Click amount to donate direct to CounterPunch
  • $25
  • $50
  • $100
  • $500
  • $other
  • use PayPal
Support Our Annual Fund Drive! CounterPunch is entirely supported by our readers. Your donations pay for our small staff, tiny office, writers, designers, techies, bandwidth and servers. We don’t owe anything to advertisers, foundations, one-percenters or political parties. You are our only safety net. Please make a tax-deductible donation today.
FacebookTwitterGoogle+RedditEmail

Is Advice From the IMF Better Than Advice From a Drunk on the Street?

by DEAN BAKER

That is the question that people around the world should be asking as the International Monetary Fund dishes out its prescription for austerity. The IMF program calls for cutbacks in government support for health care, pensions and a wide range of other public services. It also calls for weakening labor market regulations that provide workers with job security.

These recommendations are being given in a context where the world economy is suffering from a massive shortfall of demand. In other words, tens of millions of people are unemployed right now because there is not enough spending to keep them employed. The IMF’s program is almost certain to reduce spending further leading to even larger shortfalls in demand and more unemployment.

But, the IMF says that we should trust them. The question we should all be asking is “why?”

Where was the IMF when the housing bubble in the United States and elsewhere was inflating to ever more dangerous levels? Was it frantically yelling at governments to rein in the bubbles before they burst with disastrous consequences? After all, what could possibly have been more important than warning of the dangers of these bubbles?

It was easy to both recognize the housing bubbles and that their collapse would have devastating consequences for the economy. Economies don’t adjust easily to a loss of wealth that in some cases exceeded 50 percent of GDP.

Real economists know this, but apparently the folks at the IMF did not, or if they did, they didn’t think it was worth saying anything. One will look in vain through IMF publications during the buildup of the housing bubble for serious warnings of the potential dangers. While the IMF can scream about the need for austerity today, it couldn’t be bothered to say much about the bubbles that got us here.

The IMF’s track record gives us reason not only to question the institution’s competence but also its motivations. This question comes up most clearly in the case of Argentina. At the end of 2001 Argentina defaulted on its debt, enraging the IMF. Prior to the default, Argentina had been an IMF poster child eagerly embracing the IMF’s program. The IMF’s growth forecasts clearly reflected its change of attitude towards Argentina. Prior to the default the IMF was consistently overly optimistic about Argentina’s growth prospects, projecting much higher growth than Argentina actually experienced. After the default, the IMF was hugely over-pessimistic, projecting much lower growth rates than it subsequently experienced. It is difficult to explain this pattern of errors except by a political motivation.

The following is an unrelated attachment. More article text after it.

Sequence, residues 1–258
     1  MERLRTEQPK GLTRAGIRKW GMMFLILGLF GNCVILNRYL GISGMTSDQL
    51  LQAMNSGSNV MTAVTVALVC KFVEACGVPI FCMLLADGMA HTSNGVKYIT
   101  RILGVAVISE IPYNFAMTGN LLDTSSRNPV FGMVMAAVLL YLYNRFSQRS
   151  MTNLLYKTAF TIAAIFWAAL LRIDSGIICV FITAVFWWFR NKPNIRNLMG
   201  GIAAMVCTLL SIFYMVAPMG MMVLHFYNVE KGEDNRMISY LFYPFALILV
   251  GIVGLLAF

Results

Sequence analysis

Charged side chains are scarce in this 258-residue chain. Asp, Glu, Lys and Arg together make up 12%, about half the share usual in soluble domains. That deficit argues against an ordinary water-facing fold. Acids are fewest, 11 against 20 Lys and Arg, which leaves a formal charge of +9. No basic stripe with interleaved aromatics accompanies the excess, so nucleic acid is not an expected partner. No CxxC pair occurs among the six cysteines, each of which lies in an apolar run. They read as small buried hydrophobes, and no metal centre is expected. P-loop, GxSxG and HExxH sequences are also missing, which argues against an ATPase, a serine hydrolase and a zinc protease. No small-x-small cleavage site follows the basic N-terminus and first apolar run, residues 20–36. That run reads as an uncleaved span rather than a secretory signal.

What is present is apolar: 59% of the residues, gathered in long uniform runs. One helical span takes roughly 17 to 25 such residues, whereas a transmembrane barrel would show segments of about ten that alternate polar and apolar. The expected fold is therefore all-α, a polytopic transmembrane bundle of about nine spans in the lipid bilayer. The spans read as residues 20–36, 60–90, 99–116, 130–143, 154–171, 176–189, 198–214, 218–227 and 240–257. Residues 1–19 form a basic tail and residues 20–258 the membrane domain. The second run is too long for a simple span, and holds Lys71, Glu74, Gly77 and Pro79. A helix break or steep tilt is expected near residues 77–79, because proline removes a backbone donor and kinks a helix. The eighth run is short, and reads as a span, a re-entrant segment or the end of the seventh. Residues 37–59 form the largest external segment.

It is possible to see a similar pattern in the IMF’s latest set of policy recommendations to deal with the economic crisis. The impact of most of its proposals will be to reduce the benefits received by ordinary workers. The proposed changes in labor market regulations will likely also weaken workers’ bargaining power, leading to cuts in wages. Furthermore, the reduction in demand caused by the turn to austerity will leave millions more out of work, both depriving these workers of income and further weakening the bargaining power of those who still have jobs.

There are alternatives. Central banks like the European Central Bank, the Bank of England and the Federal Reserve Board could just buy and hold large amounts of government debt. These central banks can both ensure that there are no questions of solvency by providing a ready market for government debt and that there is no build-up of interest burdens. The interest paid on the debt held by the banks is refunded to governments.

Large-scale central bank purchases of government debt will not create inflation in a context of massive unemployment and excess capacity. This is not a point we have to debate. Japan’s central bank has bought an amount of government debt roughly equal to its GDP, yet it remains far more concerned about deflation than inflation. While we could hope to do better on the stimulus front than Japan, inflation is simply not a problem it faces now or even on the distant horizon.